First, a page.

ECB Insight: Has the ECB Painted Itself into a Corner?

1 December 2021

By David Barwick – FRANKFURT (Econostream) – The monetary policy meeting of the European Central Bank Governing Council to take place starting two weeks from today may have become more interesting yet in light of increasing speculation that a number of its members would prefer to postpone some of the major decisions previously envisioned emerging from the occasion.

Econostream does not know to what extent that faction will prevail. But it is easy to imagine that prevail they will to some degree. We think back to a speech in October by Chief Economist Philip Lane, whose dovish remarks, we wrote, ‘might be best considered in the context of the question of what the ECB will do if the prevailing uncertainty hasn’t diminished significantly by December’s Governing Council meeting.’

‘While the ECB has apparently committed to making important decisions in December and seems likely to follow through,’ we observed then, ‘it is bound to be aware that taking major steps in an environment that remains unexpectedly opaque would be inconsistent with its insistence on minimising the risk associated with moving too soon.’

At the time, we suggested that Lane could ‘be laying the groundwork for the ECB to potentially underdeliver on December 16’, but reasoned that ‘more explicit communication’ to that effect would have to follow if the ECB decided to do so.

So far, there has been no such clear message. Rather, what was always apparent was that there were those who would go more slowly and those who would go less slowly.

For example, one insider said a few weeks ago to Econostream, ‘Nobody would like to say categorically that it’s December or nothing, but I see it as very, very likely that in December there will be a decision about the future of the PEPP and potential changes to the APP.’

This person dismissed supply constraints as mainly ‘just timing issues’ - an idea expressed by Bundesbank President Jens Weidmann one week ago when he said that the strong recovery was ‘probably only postponed’, and by Executive Board member Isabel Schnabel last week when she said that supply constraints ‘merely shift activity over time’  – and characterised them as primarily a risk, via second-round wage effects, to medium-term inflation and hence a clear reason not to defer important decisions.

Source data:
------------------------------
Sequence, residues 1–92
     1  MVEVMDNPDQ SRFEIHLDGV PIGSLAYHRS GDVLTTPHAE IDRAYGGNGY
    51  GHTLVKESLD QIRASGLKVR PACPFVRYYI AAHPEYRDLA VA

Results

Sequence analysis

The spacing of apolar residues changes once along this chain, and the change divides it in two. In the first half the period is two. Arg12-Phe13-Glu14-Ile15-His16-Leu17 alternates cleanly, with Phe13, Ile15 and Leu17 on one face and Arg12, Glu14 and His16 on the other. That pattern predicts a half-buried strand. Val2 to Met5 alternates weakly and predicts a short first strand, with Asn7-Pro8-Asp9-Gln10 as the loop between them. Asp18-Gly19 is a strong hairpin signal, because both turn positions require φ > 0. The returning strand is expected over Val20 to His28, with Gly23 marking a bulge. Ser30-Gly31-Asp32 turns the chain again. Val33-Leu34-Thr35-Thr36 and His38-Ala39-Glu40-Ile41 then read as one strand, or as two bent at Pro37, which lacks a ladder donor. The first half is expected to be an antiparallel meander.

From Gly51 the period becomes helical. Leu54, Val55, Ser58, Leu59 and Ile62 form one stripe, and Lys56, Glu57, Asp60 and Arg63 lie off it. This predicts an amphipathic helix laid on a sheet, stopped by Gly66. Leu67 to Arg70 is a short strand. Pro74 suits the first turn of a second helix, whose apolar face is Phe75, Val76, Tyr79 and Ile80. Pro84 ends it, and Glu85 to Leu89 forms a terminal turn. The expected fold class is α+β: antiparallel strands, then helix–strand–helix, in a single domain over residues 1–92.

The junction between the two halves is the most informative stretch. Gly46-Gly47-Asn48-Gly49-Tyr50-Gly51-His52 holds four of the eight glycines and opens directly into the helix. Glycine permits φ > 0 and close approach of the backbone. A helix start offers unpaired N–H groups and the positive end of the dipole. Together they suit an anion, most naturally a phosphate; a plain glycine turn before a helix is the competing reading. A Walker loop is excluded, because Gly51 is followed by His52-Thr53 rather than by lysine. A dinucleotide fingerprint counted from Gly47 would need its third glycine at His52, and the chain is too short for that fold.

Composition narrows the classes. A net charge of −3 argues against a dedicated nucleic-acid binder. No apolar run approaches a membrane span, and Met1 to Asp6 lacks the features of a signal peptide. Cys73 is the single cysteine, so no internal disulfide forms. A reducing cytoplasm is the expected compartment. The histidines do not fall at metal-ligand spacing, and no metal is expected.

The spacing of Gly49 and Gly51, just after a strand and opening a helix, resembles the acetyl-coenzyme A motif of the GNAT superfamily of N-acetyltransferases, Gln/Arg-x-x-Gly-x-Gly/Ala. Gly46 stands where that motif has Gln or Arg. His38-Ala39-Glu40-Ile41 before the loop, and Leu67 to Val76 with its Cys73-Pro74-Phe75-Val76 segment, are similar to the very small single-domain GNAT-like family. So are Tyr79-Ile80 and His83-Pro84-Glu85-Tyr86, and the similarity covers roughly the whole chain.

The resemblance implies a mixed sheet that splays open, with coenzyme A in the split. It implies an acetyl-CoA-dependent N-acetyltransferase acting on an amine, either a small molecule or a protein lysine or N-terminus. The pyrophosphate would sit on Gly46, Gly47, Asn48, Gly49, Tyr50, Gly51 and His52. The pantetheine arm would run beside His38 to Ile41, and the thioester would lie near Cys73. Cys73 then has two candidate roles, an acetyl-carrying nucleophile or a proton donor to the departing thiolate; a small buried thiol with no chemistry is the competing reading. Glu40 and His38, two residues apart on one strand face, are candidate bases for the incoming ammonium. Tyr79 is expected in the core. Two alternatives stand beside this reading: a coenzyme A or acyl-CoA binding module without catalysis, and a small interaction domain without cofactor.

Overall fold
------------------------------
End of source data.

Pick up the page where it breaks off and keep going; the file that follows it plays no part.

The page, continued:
But another insider emphasised the need for the ECB to remain data-driven and patient, going as it were with the flow. This meant that in December, ‘we will only be able to tell as much of the story as we can be sure of’ at the time, he said. As for announcements about precise volumes and instruments, this ‘will come only gradually’, he said.

While December would bring updated forecasts, he reasoned, these would be produced under conditions of elevated uncertainty and, as always, be subject to future revision. Therefore, he said, ‘don’t look to December to answer all the burning questions that are out there; it just can’t be done.’

Yet another person echoed that theme, saying that in December the Governing Council would not yet be ready to enunciate its plans for withdrawing policy support but that this was perfectly okay in view of the data-driven nature of such decisions.

Beyond asset purchases, various people including Schnabel also made clear in the last weeks that the issue of the TLTROs, as Econostream said on November 15, ‘could easily find itself on the back burner at the next Council meeting’.

All of these people were speaking before the Omicron variant of the coronavirus began to force itself on public consciousness a week ago, making it easier to envision that the reluctance to take any bold steps has only grown in recent days.

On the other hand, in an interview with French daily Les Echos published just yesterday, ECB Vice President Luis de Guindos appeared unimpressed by Omicron, calling it, the current German wave and the lockdowns elsewhere ‘always unfortunate’, but part of a situation ‘different from that in 2020’ thanks to vaccines and economic adaptation.

And that is just one of many examples of Europe’s monetary authorities lending credence to the idea that December should live up to the billing President Christine Lagarde and other central bankers from the Executive Board on down have been steadily giving it.

Inasmuch, if the ECB finds itself painted into a corner, it may want to consider whether that was avoidable. Its constant references to the prevailing high uncertainty were never entirely consistent with its willingness to commit to December, any more than was Lagarde’s sudden pivot at the last policy meeting from calling it ‘really too early and unnecessary at this stage to discuss, you know, longer-term issues related to PEPP, and the term of PEPP’ to announcing its expected end in March.

December 16 may wind up a face-saving exercise. We suspect a compromise is on the way that will allow the ECB to avoid under-delivering so much as to be embarrassing, but that will buy it a bit more time.